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Buchman & Fox's 1906 Cast Iron Beauty - 1026-1028 Sixth Avenue
On March 9, 1906 the New-York Tribune reported that owners Charles Land and Leopold Heilburn had taken the first steps "for making over the two five story and basement dwelling houses Nos. 662 and 664 Sixth avenue into an office building with stores on the ground floor." Architects Buchman & Fox had prepared the plans, which included "a facade of ornamental galvanized iron and glass and a central marquise entrance." They included "an elevator and a new plumbing plant." The cost of transforming the old houses into a commercial structure was projected at $50,000--about $1.44 million today.
The remodeled building, sitting mid-block between 38th and 39th Streets, was completed within a year. Buchman & Fox had designed a sumptuous cast iron facade in the quickly waning Beaux Arts style. Other than the tantalizing promise of an iron and glass marquise, there seems to be no existing evidence of the appearance of the store level. The overall tripartite design survives above, however.
The midsection, three stories tall, is divided into three vertical sections each two bays wide. They are framed in delicate foliate sheaths and each floor separated by elaborate spandrel panels. The fifth floor features three three-bay arcades, the openings separated by paneled pilasters. The ornate terminal cornice is supported by two deliciously opulent brackets on either end.
Among the original occupants was Charles Lang, himself. C. B. Kleine was another. The firm rented and sold everything necessary for motion picture theater operators. An advertisement in The Moving Picture World on May 4, 1907 urged customers to send for Catalog F to order "Kinetoscopes, Cameragraphs and Stereopticons [and] Films of all makes. Everything in supplies."
One of the fourth floor occupants, Henry Schultz, was carrying on a less savory business. The firm appeared to be an "exchange" office; but in truth, according to The Sun on June 11, 1907, it "has long been known as 'Dutch' Henry Schultz's poolroom." The term poolroom referred to an illegal gambling operation.
According to police Schultz's office was was affiliated with "the big 'Bob' Davis poolroom syndicate." It was a sophisticated operation, containing a switchboard with ten telephones for reporting race results and taking bets.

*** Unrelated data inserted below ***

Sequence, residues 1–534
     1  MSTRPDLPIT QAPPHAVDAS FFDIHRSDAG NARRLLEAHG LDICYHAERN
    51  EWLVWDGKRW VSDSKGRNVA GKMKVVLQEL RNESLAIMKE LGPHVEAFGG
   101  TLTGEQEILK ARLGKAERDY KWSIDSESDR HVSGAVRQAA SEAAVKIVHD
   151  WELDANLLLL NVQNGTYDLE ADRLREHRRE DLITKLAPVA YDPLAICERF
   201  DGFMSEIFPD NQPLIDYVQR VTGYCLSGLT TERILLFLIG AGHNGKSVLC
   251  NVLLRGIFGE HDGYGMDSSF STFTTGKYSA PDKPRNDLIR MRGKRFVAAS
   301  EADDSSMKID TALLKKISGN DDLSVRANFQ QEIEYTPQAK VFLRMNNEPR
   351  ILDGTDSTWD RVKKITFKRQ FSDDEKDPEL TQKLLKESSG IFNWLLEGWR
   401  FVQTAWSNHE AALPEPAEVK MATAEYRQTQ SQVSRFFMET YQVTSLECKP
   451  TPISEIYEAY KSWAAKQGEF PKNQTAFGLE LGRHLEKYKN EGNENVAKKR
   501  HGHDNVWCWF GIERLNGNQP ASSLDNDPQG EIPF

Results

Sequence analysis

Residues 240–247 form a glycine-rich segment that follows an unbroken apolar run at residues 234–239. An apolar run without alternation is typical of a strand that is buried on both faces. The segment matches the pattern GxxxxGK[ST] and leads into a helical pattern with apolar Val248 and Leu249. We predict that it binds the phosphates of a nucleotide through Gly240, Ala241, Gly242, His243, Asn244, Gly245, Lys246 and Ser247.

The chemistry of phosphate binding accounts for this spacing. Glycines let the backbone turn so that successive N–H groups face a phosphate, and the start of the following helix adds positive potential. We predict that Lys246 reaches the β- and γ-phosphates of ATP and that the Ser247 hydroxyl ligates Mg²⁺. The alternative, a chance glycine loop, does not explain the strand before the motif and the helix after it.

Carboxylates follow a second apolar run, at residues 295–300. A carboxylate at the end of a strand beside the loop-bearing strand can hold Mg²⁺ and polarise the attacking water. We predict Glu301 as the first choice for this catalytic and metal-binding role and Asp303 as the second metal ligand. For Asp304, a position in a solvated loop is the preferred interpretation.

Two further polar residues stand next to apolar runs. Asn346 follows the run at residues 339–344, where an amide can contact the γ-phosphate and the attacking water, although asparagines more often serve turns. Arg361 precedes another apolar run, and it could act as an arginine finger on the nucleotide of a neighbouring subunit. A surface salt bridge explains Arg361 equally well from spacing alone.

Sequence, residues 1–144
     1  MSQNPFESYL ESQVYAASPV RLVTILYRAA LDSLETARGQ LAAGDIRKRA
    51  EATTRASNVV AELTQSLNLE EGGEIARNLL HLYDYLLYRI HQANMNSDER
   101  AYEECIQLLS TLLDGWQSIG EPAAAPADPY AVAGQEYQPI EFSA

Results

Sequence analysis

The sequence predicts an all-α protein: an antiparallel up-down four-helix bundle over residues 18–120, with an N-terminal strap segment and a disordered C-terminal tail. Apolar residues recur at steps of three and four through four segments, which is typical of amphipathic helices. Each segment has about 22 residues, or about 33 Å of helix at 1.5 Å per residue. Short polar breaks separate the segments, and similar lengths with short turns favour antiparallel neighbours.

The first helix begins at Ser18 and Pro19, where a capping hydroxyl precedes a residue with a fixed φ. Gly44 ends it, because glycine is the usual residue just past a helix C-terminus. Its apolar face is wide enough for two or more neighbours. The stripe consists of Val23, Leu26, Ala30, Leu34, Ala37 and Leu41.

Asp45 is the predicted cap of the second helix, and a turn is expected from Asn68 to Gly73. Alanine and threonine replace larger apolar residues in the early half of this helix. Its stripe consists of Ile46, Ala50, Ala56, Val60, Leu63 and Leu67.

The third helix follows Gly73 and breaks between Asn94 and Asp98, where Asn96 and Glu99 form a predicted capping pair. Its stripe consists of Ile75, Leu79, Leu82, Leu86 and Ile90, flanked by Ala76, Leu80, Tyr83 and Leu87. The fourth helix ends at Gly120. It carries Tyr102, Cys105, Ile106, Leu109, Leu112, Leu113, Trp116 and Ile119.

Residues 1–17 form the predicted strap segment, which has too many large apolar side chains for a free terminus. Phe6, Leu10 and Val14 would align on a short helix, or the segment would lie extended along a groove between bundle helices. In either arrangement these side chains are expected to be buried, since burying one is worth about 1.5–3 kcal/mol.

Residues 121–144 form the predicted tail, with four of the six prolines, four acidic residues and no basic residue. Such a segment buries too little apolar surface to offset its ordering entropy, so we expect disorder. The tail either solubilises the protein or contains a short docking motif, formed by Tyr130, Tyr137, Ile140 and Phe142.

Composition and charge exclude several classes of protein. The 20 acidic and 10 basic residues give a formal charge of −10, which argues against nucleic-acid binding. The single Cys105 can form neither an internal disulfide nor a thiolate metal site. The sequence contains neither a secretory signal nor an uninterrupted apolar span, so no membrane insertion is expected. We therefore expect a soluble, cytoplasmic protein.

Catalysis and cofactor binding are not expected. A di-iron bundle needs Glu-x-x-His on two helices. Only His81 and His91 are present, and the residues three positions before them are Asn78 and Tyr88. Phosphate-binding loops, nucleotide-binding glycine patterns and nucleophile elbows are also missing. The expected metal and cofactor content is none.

On June 11, 1907 the New-York Tribune reported that Police Lieutenant and his men had made a raid on the office the day before. "They climbed the stairs to the top floor and broke in the door of the alleged exchange." They surprised six operators sitting at a switchboard. "The police ripped the telephone instruments from the switchboard," said the Tribune.
According to The Sun this was an integral piece of organization. It reported that "the official notion is that it was the receiving centre for all the Bob Davis syndicate's news from racetracks outside of New York and the distributing point for all the poolrooms and a great number of handbooks in Manhattan north of Twenty-third street." A bankbook found in the office showed that it was taking in about $20,000 per month--a staggering $550,000 in today's terms.
By 1908 one of the retail spaces was home to the Wallace Eating-house, run by Ellsworth Childs. He ran a string of 15 restaurants at the time, each one painted green. Before long he and his brothers would consolidate their businesses into the famous chain of Childs Restaurants.
By 1909 George Kleine was representing three motion picture companies, Gaumont, Urban and Eclipse Films. He prompted would-be theater operators to enter the field with an ad in The Sun on March 7, 1909. "Today it is the subject that interests, not only the novelty of the invention. Complete plays are enacted upon the curtain with specially written music that sometimes ranks with the classics."
For "absolute new films and new subjects," theater operators paid $25 per reel. For "fair quality films in good condition, not new," they paid $20. Kleine offered an ongoing service whereby subscribers received "three changes weekly."
Twenty-two year old Alfred Kelly miraculously escaped death here on Friday 21, 1913. He somehow became trapped in the elevator shaft, with the car descending. Seconds before the young man's body was crushed, another employee named Hoffman shut off the power to the elevator. The Newtown Register reported "It was
feared, at first, that the young man’s injuries would be mortal...Kelly was crushed internally, and besides